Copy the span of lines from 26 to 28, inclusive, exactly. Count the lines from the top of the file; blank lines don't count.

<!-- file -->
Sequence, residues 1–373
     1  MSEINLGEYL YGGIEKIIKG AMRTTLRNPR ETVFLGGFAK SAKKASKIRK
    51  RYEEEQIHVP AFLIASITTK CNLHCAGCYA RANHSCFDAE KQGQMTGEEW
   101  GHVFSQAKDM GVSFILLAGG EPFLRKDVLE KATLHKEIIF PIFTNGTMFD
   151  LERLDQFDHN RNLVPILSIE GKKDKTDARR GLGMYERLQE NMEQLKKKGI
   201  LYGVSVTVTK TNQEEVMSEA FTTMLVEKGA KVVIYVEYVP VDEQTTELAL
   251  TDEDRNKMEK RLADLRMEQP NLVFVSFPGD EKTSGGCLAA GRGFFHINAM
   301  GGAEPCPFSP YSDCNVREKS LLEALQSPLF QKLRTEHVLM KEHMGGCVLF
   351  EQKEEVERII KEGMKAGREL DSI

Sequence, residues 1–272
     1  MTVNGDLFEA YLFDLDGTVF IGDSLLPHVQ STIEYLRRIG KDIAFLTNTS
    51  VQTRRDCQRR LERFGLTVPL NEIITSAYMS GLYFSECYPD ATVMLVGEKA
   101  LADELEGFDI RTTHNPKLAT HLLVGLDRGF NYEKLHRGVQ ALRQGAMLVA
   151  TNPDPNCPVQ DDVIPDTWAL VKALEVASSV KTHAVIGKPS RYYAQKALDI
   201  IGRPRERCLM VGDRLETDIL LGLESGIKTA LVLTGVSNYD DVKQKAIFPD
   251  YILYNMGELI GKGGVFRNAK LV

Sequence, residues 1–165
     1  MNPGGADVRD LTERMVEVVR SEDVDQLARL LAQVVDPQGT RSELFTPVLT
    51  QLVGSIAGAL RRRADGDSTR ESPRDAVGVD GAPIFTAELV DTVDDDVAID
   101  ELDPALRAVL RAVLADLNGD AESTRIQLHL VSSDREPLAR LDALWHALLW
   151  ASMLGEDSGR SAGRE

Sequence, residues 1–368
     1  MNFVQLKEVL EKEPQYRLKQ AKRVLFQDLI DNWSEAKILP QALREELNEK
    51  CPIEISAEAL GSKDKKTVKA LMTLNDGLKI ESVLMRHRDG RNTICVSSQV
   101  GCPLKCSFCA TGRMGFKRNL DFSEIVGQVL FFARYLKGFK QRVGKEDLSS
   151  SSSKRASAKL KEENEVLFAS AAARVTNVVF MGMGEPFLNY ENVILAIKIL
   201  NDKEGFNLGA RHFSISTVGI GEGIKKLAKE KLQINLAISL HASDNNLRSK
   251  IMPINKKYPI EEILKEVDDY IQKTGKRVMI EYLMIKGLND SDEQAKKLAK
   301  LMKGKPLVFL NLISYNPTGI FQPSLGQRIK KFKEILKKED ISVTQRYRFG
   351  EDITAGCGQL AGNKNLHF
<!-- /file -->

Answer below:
   151  SSSKRASAKL KEENEVLFAS AAARVTNVVF MGMGEPFLNY ENVILAIKIL
   201  NDKEGFNLGA RHFSISTVGI GEGIKKLAKE KLQINLAISL HASDNNLRSK
   251  IMPINKKYPI EEILKEVDDY IQKTGKRVMI EYLMIKGLND SDEQAKKLAK